Each method took me a little over a minute to compute the product of 2 three digit numbers. (Except the grid method which took about 15 seconds longer). From experience I know that people tend to prefer the method they were shown first, and I don’t see a problem using any of them as long as there is an understanding of the concepts and that the person in question is proficient at using the method they have chosen.

I did think my prefered method for teaching someone who didn’t know any methods would be the Lattice Method, as I see a much larger potential for silly errors in the other methods than i do for this, but last nights discussion has got me thinking a little differently. The discussion moved onto applications in algebra. I know a lot of people prefer to use the grid method to expand double brackets, I personally prefer crab claw method, but i teach both and allow my students to decide, and some much preefer the grid. It also works quite well for larger polynomials, as shown here (in a video which rather confusingly calls it the lattice method!). The grid method can also be applied to matrices, as I have written about previously.

I’m still unsure as to which i prefer. The Lattice method gives a far lower chance of making silly errors, and I think it is the best one fro ensuring the decimal point ends up in the correct place when multiplying decimals, but the grid does have the benefits of being applied to much higher levels! I’d welcome your views on the subject.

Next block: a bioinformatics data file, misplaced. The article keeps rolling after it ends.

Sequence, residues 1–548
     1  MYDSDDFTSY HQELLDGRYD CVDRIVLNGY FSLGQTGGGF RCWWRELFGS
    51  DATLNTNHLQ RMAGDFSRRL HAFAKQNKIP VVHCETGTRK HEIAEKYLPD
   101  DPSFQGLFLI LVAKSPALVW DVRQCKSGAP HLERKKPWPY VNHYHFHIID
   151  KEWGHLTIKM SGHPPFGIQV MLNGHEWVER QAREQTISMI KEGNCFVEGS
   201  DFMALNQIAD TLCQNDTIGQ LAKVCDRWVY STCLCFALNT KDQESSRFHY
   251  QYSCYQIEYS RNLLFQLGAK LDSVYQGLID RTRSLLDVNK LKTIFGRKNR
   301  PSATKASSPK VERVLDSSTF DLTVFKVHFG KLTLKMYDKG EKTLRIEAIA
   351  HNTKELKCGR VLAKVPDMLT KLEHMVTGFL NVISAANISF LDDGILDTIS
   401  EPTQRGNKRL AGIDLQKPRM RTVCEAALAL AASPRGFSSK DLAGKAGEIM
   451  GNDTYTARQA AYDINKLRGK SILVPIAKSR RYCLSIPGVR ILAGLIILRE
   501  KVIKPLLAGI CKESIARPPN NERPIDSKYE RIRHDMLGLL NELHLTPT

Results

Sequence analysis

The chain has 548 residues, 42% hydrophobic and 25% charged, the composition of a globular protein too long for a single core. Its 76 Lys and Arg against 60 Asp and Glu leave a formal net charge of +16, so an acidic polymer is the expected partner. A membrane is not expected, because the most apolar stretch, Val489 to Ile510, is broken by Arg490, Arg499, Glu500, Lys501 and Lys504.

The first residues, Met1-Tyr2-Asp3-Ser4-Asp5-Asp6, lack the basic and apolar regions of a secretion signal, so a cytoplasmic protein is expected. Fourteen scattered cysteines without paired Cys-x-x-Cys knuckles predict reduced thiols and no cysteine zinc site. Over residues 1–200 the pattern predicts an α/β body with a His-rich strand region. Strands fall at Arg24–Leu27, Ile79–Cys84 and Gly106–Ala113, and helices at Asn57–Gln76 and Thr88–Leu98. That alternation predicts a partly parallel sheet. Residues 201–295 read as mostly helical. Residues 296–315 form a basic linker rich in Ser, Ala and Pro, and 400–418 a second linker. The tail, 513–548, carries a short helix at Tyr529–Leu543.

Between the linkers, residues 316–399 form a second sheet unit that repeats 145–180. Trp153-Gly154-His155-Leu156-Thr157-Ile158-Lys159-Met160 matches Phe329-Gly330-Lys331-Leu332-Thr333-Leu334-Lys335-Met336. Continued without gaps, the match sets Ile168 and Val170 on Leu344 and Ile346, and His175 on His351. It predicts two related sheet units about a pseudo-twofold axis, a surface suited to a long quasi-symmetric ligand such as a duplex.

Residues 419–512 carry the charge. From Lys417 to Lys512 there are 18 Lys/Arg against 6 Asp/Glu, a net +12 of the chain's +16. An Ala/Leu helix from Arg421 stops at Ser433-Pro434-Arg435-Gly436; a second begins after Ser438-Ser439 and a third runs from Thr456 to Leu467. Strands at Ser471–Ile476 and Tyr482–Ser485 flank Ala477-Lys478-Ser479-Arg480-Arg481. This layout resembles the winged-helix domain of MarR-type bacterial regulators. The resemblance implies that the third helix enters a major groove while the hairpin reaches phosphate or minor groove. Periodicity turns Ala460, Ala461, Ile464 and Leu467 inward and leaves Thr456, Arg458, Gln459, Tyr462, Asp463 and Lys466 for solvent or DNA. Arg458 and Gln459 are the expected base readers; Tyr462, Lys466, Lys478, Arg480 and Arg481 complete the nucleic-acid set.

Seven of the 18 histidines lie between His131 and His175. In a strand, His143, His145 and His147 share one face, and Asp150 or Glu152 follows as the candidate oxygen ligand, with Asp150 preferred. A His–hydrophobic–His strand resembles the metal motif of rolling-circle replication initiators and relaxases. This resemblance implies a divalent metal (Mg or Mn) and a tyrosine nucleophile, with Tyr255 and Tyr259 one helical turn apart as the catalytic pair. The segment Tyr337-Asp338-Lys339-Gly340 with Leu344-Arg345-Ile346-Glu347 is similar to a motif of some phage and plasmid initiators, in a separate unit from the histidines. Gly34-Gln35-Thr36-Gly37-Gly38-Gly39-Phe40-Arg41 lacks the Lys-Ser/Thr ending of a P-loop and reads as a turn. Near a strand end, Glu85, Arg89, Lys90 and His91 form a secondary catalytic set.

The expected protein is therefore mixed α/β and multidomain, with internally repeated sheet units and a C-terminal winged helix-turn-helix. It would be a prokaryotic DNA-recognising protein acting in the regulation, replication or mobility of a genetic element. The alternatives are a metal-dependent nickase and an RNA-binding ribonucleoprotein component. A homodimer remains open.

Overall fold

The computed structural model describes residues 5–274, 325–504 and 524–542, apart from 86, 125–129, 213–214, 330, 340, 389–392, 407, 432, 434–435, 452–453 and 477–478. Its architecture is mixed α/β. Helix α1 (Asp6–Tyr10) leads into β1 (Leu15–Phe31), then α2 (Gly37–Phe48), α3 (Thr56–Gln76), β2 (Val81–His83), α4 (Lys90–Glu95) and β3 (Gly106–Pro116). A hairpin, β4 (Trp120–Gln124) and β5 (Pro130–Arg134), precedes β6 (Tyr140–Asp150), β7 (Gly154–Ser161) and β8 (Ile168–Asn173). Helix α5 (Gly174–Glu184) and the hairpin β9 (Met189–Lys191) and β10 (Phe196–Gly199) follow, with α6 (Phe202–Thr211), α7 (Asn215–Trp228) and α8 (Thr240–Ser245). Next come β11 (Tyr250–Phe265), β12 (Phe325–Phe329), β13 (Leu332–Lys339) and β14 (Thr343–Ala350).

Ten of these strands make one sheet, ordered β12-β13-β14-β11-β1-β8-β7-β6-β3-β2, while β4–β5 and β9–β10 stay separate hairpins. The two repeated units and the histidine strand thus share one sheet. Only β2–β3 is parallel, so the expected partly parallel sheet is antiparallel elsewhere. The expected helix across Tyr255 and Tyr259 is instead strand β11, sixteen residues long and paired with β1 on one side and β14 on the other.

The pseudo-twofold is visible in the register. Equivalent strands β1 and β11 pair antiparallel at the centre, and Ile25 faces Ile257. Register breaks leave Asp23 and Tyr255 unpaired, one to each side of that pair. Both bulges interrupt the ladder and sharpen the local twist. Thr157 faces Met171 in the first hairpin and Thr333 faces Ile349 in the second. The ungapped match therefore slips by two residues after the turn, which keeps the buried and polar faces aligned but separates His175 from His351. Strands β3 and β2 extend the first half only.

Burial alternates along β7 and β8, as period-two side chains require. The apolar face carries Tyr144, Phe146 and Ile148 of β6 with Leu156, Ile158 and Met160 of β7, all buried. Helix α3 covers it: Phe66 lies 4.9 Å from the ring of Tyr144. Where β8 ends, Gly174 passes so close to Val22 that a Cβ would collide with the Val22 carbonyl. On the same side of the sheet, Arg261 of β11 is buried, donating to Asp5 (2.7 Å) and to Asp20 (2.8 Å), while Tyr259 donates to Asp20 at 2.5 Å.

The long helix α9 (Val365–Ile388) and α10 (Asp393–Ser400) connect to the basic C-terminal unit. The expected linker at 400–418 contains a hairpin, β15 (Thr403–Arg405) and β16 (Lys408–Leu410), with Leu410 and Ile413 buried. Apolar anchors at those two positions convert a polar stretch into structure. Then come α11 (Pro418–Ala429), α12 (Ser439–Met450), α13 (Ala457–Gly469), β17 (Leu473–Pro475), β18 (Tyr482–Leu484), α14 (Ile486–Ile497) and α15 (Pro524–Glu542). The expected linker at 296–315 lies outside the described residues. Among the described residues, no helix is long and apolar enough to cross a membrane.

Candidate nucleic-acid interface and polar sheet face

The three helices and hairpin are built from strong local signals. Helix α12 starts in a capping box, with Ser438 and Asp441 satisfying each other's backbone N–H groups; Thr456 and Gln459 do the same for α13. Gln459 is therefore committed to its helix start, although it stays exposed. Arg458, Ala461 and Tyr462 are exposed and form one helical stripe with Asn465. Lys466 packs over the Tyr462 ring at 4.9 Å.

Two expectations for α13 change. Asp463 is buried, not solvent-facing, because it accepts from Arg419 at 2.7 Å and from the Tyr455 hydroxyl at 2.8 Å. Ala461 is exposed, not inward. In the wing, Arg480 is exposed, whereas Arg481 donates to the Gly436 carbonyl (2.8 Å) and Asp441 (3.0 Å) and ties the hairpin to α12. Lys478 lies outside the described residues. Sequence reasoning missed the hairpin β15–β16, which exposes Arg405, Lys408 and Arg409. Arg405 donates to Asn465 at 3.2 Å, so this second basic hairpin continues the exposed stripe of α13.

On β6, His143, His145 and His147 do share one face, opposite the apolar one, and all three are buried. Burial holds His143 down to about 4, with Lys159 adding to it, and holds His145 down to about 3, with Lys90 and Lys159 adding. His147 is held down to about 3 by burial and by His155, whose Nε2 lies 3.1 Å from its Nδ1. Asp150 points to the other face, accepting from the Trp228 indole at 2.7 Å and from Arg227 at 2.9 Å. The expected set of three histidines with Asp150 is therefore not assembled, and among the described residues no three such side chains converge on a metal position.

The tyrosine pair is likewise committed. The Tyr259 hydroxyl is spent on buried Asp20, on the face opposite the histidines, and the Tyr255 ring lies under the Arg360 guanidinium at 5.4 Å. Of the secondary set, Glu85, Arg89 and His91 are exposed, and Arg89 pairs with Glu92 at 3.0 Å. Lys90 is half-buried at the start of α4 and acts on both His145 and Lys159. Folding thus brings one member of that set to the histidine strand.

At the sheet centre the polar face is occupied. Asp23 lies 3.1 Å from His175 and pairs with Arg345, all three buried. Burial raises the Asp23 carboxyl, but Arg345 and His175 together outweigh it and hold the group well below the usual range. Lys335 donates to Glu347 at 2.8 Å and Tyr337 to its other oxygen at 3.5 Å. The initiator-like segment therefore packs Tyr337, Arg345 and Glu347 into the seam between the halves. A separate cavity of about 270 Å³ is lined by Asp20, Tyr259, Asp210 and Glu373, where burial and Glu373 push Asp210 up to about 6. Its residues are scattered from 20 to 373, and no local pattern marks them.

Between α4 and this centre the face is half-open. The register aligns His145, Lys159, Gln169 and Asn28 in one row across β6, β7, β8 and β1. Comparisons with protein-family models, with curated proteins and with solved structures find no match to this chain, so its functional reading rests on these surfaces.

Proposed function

I feel that i should also include another multiplication method which I discovered a few years ago, I was introduced to it as Japanese multiplication, but I’ve recently heard of it referrred to Gorilla Multiplication. I think it may have its origins in india and if you want to know more then Alex Bellos has written about it in his book Alex’s Adventures in Numberland (Another on my christmas list… and a book who’s american title is the most amazing title for a maths book I’ve ever heard: “Here’s Looking at Euclid”!)

## Another Multiplication Technique

I’ve written a few posts over the years on different multiplication techniques (see this and this), there are many and each has its own appeals and pitfalls.

Today I discovered another. I was looking over Q D1 exam paper and came across this flowchart:

The questions were all fairly reasonable and one of my students was completing the question to see if he had for it right. Afterwards I asked if he knew. What the algorithm was doing, he wasn’t sure at first but when another student explained it was finding the product of x and y he realised.

Then he asked, “

but why does it work?”I looked at the algorithm and initially it didn’t jump out at me. I tried the algorithm with 64 and 8.

I could see it worked through mocking factors of 2 from the left to the right but this time there was no odd numbers, so I picked some other numbers:

And that’s when it all made sense. Basically, what’s happening is you are moving factors of 2 from x to y thus keeping the product equal. When x is odd, you remove “one” of y from your multiplication and put it in column t. Your product is actually xy + t all the way down, it’s just that until you take any out your value for t is 0. T is a running total of all you have taken from your product.

The above becomes:

40 × 20= 20 × 40= 10 × 80= 5 × 160= 4 × 160 + 160= 2 × 320 + 160= 1 × 640 + 160= 0 × 640 + 160 + 640= 0 × 640 + 800= 800I tried it out again to be sure:

This is an nice little multiplication method that works, I’m not sure it’s very practical, buy interesting nontheless.

Have you met this method before? Have you encountered any other strange multiplication techniques?## Share this via:

## Like this: